The global economy is an interconnected worldwide network of economic activities that take place between multiple countries. It involves the movement of goods, services, capital and people across international borders. It is a crucial feature of modern society. It enables economies of varying markets, levels of development, and geography to collaborate. It can also be a source of investment, jobs and innovation for nations. But the world is facing an array of challenges that need to be proactively addressed by both public and private sectors. These include the lingering COVID-19 pandemic, looming crises of development finance and sovereign debt, volatile global commodity prices, geopolitical tensions, increasing inequality, rising environmental degradation and climate change, and growing income disparities between nations. Navigating the Global Economy: International Business and Trade is designed to provide an overview of the international business environment including its major challenges, opportunities and trends.
The course covers topics such as globalization, international trade, foreign direct investments, intellectual property and the impact of the US economy on the global economy. The course is available online and on-campus, allowing students to choose the learning experience that best fits their needs. International business is the license-backed exchange of goods, services, and resources between countries, whether for profit or otherwise. It encompasses all commercial transactions between two or more nations that are governed by agreements on international law and trade policy, such as export, import, and entrepot trade. In a more granular sense, it includes transactions that are driven by nonfinancial goals, like the triple bottom line, corporate social responsibility, and political favor, that can have an impact on an organization’s long-term success.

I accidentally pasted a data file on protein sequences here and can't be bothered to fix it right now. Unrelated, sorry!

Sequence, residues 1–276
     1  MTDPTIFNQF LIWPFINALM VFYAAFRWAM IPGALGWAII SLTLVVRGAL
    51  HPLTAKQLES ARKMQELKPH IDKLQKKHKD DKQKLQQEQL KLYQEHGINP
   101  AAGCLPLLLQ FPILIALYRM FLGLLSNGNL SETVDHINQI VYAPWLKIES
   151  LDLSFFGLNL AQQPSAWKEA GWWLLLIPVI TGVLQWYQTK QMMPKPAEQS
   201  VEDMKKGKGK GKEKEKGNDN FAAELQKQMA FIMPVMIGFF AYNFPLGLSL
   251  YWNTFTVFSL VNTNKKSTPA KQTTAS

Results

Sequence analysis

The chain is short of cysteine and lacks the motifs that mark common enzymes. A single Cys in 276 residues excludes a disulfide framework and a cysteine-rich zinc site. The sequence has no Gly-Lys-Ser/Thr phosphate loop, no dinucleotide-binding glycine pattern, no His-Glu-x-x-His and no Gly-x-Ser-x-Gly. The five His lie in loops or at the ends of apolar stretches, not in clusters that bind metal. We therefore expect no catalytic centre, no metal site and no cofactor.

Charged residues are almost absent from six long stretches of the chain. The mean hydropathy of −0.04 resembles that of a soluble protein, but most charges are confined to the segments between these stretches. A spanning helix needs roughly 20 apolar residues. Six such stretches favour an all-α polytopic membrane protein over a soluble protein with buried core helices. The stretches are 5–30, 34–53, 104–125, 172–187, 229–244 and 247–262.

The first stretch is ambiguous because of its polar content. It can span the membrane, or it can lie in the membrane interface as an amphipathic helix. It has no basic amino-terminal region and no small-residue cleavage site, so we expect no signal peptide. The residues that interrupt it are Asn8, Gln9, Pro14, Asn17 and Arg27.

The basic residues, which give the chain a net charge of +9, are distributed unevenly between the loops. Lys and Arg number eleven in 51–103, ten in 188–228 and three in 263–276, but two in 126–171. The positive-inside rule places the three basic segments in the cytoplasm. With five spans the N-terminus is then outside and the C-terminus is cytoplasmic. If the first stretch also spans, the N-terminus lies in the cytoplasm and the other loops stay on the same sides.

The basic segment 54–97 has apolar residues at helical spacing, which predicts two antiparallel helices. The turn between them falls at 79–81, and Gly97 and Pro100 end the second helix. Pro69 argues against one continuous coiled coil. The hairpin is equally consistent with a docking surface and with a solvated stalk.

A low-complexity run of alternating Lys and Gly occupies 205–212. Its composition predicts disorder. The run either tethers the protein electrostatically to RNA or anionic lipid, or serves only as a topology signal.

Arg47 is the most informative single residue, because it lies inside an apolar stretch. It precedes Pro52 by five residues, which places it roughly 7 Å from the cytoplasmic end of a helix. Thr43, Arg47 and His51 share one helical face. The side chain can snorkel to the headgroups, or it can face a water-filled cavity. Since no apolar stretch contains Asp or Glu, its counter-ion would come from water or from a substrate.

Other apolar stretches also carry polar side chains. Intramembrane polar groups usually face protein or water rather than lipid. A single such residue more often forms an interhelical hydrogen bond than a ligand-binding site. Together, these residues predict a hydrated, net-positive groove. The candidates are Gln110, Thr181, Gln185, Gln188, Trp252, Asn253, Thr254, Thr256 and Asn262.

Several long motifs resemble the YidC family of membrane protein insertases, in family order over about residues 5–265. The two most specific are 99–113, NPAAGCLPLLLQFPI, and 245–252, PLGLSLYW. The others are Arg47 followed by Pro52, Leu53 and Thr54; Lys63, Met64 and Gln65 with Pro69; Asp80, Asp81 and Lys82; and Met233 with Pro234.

Trade between nations is a key element of the global economy, and has been since ancient times. It enables rich countries to use their natural resources and assets, such as land, labor, capital, technology, etc., more efficiently than other nations and sell them at a lower opportunity cost. In turn, it allows poorer countries to access goods and services that they would not be able to afford domestically. This is referred to as comparative advantage in economics. International trade is important because it provides economic growth and opportunity for all nations, especially the most disadvantaged. It can also help to reduce poverty, promote peace and stability in the world, and enhance overall human development. The global economy is increasingly interdependent on the flow of goods, services, technology and capital among countries. It is therefore vital for all nations to collaborate with each other.
This is what is known as the global value chain (GVC) and is essential for a nation’s competitiveness in the modern world. Moreover, it is a key component of the development process for emerging markets to become part of the global value chain and compete with their developed peers. However, there are still many barriers to international trade that need to be removed for this to happen. This can be done through fair, enforceable trade agreements and an understanding of the complexities of international business.